Toronto neurosurgeon pleads guilty in wife’s death

Court heard Mohammed Shamji was fighting with wife, who wanted a divorce, and choked her to death

Mohammed Shamji and Elana Fric-Shamji, 40, are shown in a photo from Fric-Shamji’s Facebook page. (THE CANADIAN PRESS/HO/Facebook)

A Toronto neurosurgeon was fighting with his wife who wanted a divorce when he choked her to death in their home while their three children were sleeping, a court heard Monday as the man pleaded guilty to second-degree murder.

Mohammed Shamji’s plea came days before he was to stand trial for first-degree murder in the death of Elana Fric-Shamji — his wife of 12 years.

READ MORE: 11 years sought for B.C. man who killed girlfriend with hammer, burned her body

The couple’s marriage had been “volatile and dysfunctional” for months, a Crown lawyer told the court while reading an agreed statement of facts, and Shamji had been resisting his wife’s attempts at starting divorce proceedings.

Fric-Shamji, who was family physician at Scarborough and Rouge Hospital, began an affair with a fellow doctor, and her husband found out about it, court heard. Shamji then continued to try and change his wife’s mind about getting a divorce, the Crown said.

On the night of her death, the pair got into a heated argument in their bedroom that woke one of their children, who heard banging, screams and then silence, court heard.

“Mohammed struck Elana multiple times, causing her significant blunt force injuries all over her body, including a broken neck and broken ribs. He then choked her to death,” Crown lawyer Henry Poon told the court.

“After the killing, Mohammed packed his wife’s body in a suitcase and drove about 35 kilometres north of the city and dumped the suitcase in the Humber River.”

Shamji carried on with his daily routine after the slaying, including performing surgeries the next day, and lied about his missing wife’s whereabouts, the Crown said. He also planted evidence aimed at pointing the finger at his wife’s lover, court heard.

Fric-Shamji was reported missing by her mother. Her body was found in a suitcase by the side of a road north of Toronto a day after she was last seen on Nov. 30, 2016.

Shamji, who worked at Toronto Western Hospital and was a faculty member at the University of Toronto, was arrested on Dec. 2, 2016.

Police have said an investigation revealed Fric-Shamji died of strangulation and blunt force trauma.

Fric-Shamji’s death sparked an outpouring of grief from those who knew her. She was described as a talented professional who helped improve the health-care system.

Liam Casey, The Canadian Press

Like us on Facebook and follow us on Twitter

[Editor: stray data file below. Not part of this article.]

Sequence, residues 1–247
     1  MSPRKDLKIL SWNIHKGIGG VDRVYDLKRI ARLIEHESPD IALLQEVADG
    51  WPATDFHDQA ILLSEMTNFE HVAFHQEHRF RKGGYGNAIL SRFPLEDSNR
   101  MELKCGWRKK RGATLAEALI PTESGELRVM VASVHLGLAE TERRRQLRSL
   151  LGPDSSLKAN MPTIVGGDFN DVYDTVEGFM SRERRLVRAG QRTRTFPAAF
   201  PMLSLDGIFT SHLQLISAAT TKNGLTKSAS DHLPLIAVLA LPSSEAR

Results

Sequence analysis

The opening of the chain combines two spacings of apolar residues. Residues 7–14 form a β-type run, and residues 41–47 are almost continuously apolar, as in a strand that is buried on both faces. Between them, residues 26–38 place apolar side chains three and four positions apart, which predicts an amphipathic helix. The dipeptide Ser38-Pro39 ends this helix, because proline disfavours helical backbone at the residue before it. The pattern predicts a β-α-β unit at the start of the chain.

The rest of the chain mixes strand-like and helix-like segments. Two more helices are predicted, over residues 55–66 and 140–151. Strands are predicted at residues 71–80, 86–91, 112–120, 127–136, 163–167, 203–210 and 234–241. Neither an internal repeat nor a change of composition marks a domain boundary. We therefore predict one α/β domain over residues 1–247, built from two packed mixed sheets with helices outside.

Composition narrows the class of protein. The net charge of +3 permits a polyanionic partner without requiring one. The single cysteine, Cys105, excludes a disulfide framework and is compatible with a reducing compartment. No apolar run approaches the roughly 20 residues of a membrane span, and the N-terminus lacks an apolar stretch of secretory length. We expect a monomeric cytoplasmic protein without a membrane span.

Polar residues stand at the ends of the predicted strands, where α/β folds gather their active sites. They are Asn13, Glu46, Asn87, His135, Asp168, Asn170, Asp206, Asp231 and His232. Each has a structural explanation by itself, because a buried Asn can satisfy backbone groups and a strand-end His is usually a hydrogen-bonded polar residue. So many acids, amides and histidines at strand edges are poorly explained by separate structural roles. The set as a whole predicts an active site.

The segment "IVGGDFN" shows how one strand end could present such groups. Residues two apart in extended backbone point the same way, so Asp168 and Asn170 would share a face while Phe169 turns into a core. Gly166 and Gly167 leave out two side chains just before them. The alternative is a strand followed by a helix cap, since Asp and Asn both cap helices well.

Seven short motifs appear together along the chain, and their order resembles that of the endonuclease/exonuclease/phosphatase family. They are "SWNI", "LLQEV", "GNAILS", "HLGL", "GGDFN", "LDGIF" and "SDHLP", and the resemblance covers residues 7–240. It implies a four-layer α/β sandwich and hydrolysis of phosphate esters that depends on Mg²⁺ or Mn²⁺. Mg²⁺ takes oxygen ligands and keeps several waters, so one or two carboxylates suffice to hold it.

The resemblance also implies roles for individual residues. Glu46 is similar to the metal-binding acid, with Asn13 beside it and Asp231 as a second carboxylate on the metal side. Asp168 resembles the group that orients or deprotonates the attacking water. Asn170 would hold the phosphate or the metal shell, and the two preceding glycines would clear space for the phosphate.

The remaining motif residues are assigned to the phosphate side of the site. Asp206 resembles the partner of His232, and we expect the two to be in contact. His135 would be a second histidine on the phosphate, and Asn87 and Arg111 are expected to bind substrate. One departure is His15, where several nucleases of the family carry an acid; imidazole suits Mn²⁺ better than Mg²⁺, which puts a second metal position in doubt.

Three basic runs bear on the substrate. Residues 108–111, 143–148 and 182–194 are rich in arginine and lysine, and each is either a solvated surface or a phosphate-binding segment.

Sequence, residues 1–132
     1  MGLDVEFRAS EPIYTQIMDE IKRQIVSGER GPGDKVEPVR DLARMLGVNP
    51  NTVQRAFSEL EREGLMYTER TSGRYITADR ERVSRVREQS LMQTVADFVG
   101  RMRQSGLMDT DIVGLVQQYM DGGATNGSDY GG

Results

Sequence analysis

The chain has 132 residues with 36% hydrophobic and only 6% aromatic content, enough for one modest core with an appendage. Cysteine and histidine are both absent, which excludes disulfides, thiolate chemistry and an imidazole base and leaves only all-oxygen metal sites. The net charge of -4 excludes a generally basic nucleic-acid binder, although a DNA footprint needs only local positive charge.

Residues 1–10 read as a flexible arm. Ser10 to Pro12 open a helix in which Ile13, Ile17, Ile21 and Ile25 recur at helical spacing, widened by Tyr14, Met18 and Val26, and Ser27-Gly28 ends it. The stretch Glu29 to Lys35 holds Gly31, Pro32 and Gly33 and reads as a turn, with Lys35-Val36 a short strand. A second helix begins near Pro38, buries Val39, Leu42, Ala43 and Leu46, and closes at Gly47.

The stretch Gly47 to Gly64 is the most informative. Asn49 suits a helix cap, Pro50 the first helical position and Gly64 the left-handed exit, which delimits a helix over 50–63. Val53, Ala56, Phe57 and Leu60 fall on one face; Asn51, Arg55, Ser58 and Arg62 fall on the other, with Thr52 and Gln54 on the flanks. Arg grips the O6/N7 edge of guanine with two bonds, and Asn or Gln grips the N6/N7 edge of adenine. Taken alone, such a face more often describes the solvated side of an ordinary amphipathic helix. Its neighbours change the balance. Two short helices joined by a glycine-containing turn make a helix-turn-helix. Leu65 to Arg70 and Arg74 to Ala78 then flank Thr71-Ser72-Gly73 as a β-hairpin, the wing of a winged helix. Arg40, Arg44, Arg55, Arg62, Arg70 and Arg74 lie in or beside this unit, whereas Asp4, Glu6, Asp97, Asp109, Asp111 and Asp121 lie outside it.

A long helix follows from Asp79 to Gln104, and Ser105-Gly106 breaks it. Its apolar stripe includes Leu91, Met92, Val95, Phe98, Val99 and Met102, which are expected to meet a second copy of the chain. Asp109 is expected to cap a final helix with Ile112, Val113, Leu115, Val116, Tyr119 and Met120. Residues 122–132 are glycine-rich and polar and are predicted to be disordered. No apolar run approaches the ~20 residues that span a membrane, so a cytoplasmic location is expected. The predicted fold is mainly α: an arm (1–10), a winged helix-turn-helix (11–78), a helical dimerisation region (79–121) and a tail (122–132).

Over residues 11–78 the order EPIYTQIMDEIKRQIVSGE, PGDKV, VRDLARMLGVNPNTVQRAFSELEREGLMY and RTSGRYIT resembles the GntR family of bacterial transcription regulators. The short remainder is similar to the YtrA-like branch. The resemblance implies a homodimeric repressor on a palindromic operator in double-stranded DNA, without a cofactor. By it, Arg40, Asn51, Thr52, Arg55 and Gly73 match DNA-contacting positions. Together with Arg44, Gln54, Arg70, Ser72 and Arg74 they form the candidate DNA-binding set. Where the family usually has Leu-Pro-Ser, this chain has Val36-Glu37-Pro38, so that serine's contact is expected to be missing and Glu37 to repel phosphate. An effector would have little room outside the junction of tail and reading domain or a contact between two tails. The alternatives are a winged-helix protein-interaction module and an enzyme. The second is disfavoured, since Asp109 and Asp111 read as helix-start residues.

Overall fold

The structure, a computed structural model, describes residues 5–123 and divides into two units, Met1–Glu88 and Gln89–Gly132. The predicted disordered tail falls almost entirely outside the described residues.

Just Posted

Surrey RCMP raises Pride flag Monday amid din of protesters

There were about 30 protesters on either side, and 20 Mounties doing crowd control

City of White Rock, SFN reaffirm close ties

National Indigenous Peoples Day celebrated on June 21

GUEST COLUMN: Looks like TransLink aims to ‘short-circuit’ plan for rail service on Interurban corridor

‘We are not going away,’ writes Rick Green, of South Fraser Community Rail Group

Swansong Ride2Survive raises $1M-plus in single-day cycle from Kelowna to Delta

Saturday’s ride was the 15th and final fundraiser of its kind for North Delta-based charity event

VIDEO: Surrey’s former Flamingo Hotel goes out with a bang

The Flamingo opened in July 1955 as a motor hotel with 20 rooms

SQUEEZING SURREY STUDENTS IN: The causes and impacts of overcrowding in city schools

Special series: How growth is affecting students, parents and school staff alike – and what the future holds

Wildfire threatens weekend campers at Chehalis Lake

The fire started on the north side of Chehalis Lake Saturday

Grey-haired bank robber hit with dye pack in Langley heist

Police are looking for an older man who may be stained with dye

‘Text neck’ causing bone spurs to grow from millennials’ skulls, researchers say

Technology use from early childhood causing abnormal bone growths in 41 per cent of young adults

B.C. teen killed by fallen tree on field trip remembered as hero

13-year-old Tai Caverhill was the first to spot the tree falling and warned his friends

Should B.C. get rid of Daylight Saving Time?

The province wants to know, as state governments down south make the move

Air Canada reviewing how crew left sleeping passenger on parked plane

In a Facebook post, the woman said she woke up ‘all alone’ on a ‘cold dark’ aircraft

Canadians crash out of Women’s World Cup in 0-1 loss to Sweden

Canada missed a chance to tie the game on a penalty shot

New Lower Mainland bistro caters to board game fans and families

Local food and games at every table is the formula for the new business

Most Read